When using artificial lures, it’s important to match the lure to the conditions. This means using a lure that matches the size and color of the baitfish in the area.

In conclusion, selecting the right bait is crucial when fishing for perch. Whether you choose live bait or artificial lures, it’s important to keep it natural and match the bait to the conditions. With the right bait and technique, you can catch a lot of perch.

Locating Perch Habitat

When it comes to catching perch, knowing where to find them is crucial. Perch tend to inhabit a variety of environments, from weed beds and rocky structures to ponds and streams. Here are some of the most common perch habitats and how to locate them.

Shoreline and Weed Beds

One of the most popular places to find perch is along the shoreline and in weed beds. Perch are known to hide in the vegetation and wait for prey to come along. Look for weed beds that are close to shore and have a mix of different types of vegetation. Some of the best types of weeds to look for include milfoil, coontail, and cabbage.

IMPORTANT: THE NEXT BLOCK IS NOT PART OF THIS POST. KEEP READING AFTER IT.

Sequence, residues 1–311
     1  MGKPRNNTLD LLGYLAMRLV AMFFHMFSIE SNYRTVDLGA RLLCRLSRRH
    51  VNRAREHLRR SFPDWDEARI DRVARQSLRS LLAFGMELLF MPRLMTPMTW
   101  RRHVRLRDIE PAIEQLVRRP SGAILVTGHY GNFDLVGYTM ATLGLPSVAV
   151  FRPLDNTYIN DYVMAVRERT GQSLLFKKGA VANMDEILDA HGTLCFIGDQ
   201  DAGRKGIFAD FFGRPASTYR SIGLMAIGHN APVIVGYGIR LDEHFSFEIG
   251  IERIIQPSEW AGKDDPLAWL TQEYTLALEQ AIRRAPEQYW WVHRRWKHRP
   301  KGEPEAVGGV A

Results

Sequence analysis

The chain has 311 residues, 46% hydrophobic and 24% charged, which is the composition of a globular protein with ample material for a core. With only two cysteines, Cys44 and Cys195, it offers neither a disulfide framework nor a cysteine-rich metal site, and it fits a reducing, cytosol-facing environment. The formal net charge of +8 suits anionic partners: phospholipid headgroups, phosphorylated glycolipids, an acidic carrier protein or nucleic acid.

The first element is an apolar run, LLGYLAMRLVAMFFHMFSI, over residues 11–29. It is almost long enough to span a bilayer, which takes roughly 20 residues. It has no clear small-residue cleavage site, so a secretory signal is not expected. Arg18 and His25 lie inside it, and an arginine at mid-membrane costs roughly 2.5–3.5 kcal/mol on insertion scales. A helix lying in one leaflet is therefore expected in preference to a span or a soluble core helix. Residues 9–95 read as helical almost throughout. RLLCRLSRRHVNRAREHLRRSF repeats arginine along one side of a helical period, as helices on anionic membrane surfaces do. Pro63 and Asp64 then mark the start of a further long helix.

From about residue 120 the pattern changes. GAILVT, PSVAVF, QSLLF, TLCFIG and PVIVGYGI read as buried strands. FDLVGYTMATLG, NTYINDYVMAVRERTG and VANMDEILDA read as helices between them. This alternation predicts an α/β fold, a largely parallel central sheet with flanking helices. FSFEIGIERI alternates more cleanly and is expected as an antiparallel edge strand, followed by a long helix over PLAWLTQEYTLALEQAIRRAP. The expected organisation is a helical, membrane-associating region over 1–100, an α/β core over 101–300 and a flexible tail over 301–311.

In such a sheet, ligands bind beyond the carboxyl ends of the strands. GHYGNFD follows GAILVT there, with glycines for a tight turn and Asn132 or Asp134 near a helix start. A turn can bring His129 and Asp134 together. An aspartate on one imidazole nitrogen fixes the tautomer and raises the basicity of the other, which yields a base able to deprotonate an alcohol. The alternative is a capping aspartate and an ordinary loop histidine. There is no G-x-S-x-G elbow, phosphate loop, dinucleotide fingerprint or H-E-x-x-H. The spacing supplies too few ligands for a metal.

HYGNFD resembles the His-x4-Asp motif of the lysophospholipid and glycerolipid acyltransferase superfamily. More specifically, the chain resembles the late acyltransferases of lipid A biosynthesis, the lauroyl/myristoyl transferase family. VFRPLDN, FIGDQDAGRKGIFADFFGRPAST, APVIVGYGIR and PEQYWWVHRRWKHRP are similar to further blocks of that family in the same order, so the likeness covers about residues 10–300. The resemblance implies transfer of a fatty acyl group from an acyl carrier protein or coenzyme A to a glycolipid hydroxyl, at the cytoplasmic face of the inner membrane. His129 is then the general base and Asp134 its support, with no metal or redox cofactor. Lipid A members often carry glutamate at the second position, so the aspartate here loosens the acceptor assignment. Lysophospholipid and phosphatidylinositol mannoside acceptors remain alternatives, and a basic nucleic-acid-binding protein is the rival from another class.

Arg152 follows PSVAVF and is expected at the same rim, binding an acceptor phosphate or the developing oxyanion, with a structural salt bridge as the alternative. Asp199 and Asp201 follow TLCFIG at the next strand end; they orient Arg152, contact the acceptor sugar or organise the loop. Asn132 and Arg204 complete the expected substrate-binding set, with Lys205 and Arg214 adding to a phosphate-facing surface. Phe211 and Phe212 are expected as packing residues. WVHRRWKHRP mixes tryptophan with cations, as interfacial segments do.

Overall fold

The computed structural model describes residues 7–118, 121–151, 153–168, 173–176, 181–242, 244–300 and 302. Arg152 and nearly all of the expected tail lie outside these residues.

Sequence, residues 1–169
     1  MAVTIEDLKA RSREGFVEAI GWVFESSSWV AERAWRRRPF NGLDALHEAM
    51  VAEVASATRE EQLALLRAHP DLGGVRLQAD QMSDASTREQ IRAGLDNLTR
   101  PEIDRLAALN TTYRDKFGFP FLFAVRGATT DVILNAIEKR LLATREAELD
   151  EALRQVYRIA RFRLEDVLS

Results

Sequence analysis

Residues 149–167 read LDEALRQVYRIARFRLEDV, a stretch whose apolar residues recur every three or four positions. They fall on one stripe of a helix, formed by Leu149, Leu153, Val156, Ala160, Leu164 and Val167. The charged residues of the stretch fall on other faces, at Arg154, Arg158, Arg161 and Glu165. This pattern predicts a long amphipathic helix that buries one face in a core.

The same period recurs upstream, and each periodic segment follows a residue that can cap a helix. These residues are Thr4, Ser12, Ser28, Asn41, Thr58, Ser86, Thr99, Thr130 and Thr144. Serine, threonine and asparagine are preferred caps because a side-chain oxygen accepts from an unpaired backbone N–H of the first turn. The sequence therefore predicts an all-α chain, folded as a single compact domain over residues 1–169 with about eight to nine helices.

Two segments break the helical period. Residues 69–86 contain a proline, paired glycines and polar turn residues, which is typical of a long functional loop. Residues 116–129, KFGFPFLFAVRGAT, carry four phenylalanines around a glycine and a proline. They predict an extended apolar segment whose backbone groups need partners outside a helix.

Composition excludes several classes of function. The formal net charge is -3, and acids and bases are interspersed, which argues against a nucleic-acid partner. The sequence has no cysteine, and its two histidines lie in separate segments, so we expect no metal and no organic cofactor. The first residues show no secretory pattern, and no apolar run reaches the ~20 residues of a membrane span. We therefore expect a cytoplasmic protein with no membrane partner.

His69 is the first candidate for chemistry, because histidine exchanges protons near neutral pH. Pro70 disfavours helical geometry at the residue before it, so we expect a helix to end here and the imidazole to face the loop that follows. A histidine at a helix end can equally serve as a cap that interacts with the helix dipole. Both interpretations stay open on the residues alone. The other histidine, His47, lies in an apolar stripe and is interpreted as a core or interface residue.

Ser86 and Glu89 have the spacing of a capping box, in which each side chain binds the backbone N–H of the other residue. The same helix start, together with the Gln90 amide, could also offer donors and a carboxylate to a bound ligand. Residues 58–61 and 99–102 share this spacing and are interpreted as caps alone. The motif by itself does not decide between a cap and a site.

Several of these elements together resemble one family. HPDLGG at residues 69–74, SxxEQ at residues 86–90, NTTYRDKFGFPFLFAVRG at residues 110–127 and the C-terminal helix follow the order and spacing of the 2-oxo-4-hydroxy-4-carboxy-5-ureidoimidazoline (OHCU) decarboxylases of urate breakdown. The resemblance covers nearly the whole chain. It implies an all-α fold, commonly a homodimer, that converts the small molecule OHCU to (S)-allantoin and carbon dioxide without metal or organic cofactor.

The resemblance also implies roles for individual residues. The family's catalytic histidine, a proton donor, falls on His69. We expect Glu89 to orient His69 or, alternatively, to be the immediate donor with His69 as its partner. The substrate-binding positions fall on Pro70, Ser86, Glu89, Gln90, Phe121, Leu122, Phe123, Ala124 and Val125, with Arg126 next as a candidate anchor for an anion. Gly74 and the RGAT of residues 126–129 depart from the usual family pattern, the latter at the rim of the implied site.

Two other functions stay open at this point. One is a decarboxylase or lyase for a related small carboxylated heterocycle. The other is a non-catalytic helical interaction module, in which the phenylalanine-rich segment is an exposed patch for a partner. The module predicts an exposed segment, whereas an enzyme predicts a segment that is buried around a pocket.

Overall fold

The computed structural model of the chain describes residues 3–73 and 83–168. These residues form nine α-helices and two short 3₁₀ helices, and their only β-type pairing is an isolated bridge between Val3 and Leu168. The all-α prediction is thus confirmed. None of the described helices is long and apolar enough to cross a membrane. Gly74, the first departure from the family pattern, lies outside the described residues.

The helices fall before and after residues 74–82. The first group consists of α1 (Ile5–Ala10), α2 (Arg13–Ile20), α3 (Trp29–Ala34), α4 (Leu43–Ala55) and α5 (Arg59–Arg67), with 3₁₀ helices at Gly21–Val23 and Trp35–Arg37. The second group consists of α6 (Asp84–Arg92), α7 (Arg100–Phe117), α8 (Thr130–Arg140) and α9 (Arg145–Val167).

Rocky Structures and Drop-offs

Perch are also known to congregate around rocky structures and drop-offs. These areas provide cover and hiding spots for the fish. Look for rocky structures that are close to shore and have plenty of crevices and holes for the fish to hide in. Drop-offs are also great places to find perch, as they provide a transition zone between shallow and deep water.

Ponds and Streams

Perch can also be found in ponds and streams that have slow-moving water. Look for areas with plenty of vegetation and cover, such as fallen logs and overhanging trees. In ponds, look for areas that have a mix of shallow and deep water, as perch tend to move between these areas throughout the day.

Great Lakes

For those fishing in the Great Lakes, perch can be found in a variety of locations. Look for areas with rocky bottoms, as well as drop-offs and weed beds. Perch tend to congregate in large schools, so keep an eye out for other anglers who may have already found a school of fish.